This blog will touch on the experiences I have as a writer (not to be mistaken for my experience as a writer, i.e. how many books I've written, etc); the pleasure and the pain, the joy and the grief, the satisfaction and the frustration, the magic and the reality - have I left anything out, oh yeah, the rejection, rejection and more rejection, the humiliation and the embarrassment, the jealousy and the resentment - that pretty much covers it, except for why I do it which perhaps I'll realize along the way. Are you totally confused? Good, let's begin.
What kind of people would choose to live in such a toxic environment,
even fight to stay there?
What’s wrong with them?
What are they hiding?
It’s 1975 and the American military is about to undertake a two-day top-secret mission. It involves helicopter insertion of a four-man camera crew in full battle gear into a government-ordered abandoned town. Their assignment is to film any evidence of anyone still there, then return and report their findings.
The town is Boston Mills, Ohio.
Chief Corporal Mason Wyatt and his three-man team have been cautioned that those who are left may not appreciate them coming it. In which case they could be armed.
But as far as the unit is concerned, this mission is just routine. After all, this is Ohio, not hillbilly country or Vietnam, and it’s only for 28 hours. It can’t be dangerous. It will be a cakewalk.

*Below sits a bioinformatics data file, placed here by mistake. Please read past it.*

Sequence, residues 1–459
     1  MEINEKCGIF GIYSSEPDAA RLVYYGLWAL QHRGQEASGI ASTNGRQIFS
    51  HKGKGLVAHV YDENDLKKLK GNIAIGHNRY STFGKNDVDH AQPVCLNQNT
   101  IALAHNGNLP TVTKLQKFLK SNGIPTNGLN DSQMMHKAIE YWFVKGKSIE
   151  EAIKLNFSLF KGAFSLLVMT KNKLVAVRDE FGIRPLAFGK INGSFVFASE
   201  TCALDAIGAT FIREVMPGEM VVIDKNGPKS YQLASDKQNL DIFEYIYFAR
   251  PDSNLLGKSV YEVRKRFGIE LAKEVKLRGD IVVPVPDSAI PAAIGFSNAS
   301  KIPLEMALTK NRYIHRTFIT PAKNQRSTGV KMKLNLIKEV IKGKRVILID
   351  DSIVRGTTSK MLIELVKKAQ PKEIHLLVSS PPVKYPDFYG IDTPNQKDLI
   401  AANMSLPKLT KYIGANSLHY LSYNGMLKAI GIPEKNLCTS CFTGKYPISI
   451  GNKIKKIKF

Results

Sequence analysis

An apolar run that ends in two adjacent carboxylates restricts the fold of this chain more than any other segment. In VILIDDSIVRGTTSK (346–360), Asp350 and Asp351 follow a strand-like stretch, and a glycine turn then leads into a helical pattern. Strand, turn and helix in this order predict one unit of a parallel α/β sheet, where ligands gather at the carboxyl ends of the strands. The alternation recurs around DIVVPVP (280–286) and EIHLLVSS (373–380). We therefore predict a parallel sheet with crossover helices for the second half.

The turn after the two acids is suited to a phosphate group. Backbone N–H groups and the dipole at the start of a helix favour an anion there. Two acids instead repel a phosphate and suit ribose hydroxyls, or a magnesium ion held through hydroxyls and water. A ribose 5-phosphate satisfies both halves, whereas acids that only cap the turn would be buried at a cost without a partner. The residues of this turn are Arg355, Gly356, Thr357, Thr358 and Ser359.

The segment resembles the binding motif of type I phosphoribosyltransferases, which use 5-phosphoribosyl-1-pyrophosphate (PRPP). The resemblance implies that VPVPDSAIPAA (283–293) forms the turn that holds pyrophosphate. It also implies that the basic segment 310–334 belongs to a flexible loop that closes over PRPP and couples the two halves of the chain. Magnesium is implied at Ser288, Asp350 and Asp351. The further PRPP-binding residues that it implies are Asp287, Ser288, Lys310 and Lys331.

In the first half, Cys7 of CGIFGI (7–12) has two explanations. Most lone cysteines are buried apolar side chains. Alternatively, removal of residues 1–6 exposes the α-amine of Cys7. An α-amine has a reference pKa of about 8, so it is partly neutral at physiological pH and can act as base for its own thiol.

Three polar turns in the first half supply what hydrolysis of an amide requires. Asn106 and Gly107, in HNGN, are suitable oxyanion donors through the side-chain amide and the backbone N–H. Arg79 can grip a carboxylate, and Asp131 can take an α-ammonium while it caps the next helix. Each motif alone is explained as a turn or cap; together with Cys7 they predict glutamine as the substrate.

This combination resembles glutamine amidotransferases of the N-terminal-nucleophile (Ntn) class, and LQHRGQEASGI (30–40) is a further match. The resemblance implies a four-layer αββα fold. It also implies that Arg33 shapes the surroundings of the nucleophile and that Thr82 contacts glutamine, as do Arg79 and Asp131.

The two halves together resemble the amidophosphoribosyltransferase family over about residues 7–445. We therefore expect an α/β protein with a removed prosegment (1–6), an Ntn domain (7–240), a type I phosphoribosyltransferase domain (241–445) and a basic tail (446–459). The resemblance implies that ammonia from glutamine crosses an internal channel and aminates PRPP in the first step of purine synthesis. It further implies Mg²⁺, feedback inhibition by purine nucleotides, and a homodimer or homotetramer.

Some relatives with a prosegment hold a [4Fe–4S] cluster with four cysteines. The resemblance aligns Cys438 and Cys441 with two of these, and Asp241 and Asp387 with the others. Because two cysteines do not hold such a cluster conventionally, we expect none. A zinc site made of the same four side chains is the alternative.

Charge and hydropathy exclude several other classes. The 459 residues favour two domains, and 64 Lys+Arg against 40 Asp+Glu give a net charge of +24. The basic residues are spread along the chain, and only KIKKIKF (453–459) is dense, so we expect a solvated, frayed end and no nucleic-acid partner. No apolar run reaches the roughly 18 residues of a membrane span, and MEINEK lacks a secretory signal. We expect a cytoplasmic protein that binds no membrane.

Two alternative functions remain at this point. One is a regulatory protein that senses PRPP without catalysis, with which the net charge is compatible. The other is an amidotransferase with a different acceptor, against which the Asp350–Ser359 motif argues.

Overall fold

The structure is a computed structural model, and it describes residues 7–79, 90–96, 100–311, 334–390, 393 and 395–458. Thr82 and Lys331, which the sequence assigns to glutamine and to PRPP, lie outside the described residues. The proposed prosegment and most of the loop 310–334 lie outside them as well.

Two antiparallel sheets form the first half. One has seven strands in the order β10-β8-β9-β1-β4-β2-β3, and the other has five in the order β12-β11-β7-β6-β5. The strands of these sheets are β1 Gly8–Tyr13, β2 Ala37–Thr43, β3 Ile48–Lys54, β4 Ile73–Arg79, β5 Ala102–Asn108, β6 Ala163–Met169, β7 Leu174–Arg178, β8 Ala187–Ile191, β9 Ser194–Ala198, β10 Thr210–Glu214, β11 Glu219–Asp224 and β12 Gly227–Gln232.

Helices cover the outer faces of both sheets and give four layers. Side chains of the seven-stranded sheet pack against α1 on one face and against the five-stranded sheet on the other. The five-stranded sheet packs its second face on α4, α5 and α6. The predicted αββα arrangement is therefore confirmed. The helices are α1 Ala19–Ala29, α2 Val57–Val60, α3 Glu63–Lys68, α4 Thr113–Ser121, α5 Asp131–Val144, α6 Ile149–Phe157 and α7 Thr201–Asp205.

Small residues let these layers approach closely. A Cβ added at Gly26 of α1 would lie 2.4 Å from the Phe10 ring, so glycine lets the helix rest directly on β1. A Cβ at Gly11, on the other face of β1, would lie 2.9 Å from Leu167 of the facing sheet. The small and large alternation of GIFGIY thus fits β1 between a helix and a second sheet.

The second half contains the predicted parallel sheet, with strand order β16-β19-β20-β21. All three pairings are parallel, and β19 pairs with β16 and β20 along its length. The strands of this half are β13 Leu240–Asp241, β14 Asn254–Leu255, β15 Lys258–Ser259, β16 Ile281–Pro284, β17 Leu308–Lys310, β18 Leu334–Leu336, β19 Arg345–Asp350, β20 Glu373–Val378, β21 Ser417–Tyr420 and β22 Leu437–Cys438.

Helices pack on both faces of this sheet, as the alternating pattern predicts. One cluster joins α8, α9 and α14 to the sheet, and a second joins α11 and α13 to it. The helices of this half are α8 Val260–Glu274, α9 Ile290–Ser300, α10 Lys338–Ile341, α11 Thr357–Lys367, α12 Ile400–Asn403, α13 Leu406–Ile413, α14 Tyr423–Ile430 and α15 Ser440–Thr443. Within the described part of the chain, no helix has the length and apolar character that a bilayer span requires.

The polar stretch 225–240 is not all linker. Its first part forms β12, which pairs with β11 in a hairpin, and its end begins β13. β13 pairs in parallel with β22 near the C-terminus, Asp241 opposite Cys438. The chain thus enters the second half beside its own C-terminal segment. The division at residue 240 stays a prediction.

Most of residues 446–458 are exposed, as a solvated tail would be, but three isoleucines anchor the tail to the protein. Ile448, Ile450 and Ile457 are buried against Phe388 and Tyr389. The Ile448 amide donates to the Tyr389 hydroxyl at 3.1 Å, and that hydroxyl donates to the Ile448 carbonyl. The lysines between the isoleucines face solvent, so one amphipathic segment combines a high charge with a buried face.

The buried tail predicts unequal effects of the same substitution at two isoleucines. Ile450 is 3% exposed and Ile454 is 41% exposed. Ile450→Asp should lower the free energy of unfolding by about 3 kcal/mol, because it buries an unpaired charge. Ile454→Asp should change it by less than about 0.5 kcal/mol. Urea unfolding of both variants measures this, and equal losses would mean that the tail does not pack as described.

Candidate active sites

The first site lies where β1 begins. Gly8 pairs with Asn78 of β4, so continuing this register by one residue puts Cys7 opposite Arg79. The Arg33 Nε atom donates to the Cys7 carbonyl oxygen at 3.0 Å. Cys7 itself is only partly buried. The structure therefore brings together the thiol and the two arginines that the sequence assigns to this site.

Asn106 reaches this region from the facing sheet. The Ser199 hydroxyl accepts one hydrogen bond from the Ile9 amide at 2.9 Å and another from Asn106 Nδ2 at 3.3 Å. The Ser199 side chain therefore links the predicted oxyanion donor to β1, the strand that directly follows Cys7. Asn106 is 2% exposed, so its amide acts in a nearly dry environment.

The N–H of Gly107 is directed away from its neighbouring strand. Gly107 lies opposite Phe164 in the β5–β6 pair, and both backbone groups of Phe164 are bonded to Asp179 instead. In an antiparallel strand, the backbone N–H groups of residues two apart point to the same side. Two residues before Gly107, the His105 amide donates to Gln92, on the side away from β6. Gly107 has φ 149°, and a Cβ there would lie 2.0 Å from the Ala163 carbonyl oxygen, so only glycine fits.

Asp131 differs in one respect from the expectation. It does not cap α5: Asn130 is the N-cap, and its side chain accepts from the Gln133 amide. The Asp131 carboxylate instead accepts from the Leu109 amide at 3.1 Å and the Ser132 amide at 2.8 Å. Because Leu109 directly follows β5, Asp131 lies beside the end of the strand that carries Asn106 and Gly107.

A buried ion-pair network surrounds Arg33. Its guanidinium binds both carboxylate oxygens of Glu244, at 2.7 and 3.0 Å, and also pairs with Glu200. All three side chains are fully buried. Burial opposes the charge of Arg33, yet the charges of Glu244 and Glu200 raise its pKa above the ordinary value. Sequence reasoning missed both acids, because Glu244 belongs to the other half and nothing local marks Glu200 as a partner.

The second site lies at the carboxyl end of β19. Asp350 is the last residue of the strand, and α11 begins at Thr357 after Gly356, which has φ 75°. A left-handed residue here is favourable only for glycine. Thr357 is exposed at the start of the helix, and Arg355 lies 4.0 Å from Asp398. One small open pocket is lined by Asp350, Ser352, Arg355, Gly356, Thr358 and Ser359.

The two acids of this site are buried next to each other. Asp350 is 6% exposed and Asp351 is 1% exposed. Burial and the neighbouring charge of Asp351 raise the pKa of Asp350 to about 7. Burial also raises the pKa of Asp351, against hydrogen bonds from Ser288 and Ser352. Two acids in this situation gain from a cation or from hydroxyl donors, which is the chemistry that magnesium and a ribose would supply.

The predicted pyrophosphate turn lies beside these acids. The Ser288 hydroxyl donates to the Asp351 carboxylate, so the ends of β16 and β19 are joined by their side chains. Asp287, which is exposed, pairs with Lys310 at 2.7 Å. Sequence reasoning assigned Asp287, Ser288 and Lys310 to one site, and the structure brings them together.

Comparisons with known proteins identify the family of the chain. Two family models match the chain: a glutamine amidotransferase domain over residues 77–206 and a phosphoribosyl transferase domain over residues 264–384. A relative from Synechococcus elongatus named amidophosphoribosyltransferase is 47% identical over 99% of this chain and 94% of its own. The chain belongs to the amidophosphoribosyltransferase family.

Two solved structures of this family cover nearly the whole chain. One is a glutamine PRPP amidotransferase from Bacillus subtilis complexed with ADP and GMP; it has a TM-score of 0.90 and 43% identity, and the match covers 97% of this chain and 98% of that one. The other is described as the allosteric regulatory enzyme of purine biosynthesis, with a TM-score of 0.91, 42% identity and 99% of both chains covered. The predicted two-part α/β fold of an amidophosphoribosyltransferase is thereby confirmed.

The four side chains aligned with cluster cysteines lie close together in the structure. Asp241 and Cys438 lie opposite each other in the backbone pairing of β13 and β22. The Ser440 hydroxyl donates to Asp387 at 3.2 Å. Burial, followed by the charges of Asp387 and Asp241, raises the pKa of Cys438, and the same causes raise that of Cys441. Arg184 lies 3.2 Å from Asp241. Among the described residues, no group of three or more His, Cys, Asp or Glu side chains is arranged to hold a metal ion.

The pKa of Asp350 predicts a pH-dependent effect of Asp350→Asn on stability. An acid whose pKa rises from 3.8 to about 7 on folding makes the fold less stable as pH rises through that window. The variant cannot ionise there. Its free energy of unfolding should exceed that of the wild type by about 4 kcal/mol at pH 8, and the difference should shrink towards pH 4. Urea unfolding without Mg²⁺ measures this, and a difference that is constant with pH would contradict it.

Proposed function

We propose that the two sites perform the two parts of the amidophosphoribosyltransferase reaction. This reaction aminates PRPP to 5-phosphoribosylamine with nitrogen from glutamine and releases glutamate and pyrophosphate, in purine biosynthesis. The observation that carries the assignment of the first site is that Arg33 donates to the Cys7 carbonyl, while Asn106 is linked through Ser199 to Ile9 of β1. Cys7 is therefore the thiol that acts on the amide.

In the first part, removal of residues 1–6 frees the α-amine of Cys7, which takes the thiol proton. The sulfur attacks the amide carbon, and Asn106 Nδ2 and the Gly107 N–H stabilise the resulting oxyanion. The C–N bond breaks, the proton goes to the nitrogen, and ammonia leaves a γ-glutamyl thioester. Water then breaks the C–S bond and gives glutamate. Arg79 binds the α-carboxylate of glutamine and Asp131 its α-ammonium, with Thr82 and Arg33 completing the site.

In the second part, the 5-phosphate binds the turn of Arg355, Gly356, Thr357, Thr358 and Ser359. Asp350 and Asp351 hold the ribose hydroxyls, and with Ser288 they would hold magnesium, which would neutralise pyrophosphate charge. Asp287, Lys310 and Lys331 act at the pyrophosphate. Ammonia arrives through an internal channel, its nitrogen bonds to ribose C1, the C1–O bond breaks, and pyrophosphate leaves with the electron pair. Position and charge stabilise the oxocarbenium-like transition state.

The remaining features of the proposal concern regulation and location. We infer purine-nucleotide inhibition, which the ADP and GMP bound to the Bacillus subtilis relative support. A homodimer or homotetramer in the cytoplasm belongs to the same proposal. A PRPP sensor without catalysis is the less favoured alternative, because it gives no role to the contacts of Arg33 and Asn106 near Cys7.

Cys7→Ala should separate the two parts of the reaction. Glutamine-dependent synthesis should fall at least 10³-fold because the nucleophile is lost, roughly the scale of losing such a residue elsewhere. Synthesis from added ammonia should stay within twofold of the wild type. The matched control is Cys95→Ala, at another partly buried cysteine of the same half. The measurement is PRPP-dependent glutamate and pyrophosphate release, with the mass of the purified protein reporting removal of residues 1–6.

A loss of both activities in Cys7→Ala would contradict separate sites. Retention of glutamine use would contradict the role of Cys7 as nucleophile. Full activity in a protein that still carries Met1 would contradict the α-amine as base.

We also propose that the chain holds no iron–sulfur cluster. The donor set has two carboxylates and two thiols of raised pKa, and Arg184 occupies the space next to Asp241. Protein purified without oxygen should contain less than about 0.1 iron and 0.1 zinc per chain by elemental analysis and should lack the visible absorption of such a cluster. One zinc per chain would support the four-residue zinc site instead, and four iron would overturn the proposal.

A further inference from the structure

But Boston Mills isn’t just another hamlet in the rural Midwest. It’s now known as “Hell Town” and is home to a hazardous waste dump where the nearby river is so polluted it can actually be lit on fire. The poisoned environment smells like sulphur and has propagated mutant weeds that have overrun the landscape growing up through asphalt and blocking roads.
What kind of people would choose to live in such a toxic environment, even fight to stay there? What’s wrong with them? What are they hiding?
Corporal Mason and his team are about to find out.
Mutane Town is Clark Wilkins at his best, blending fact with fiction creating the eerie feeling perhaps the author has some insight into these macabre actual events that are the basis of many of his stories.
His extensive research and use of bona fide findings from government reports give this fast passed story a chilling sense of authenticity. Indeed, as Wilkins points out, what the reports don’t reveal is even more disturbing.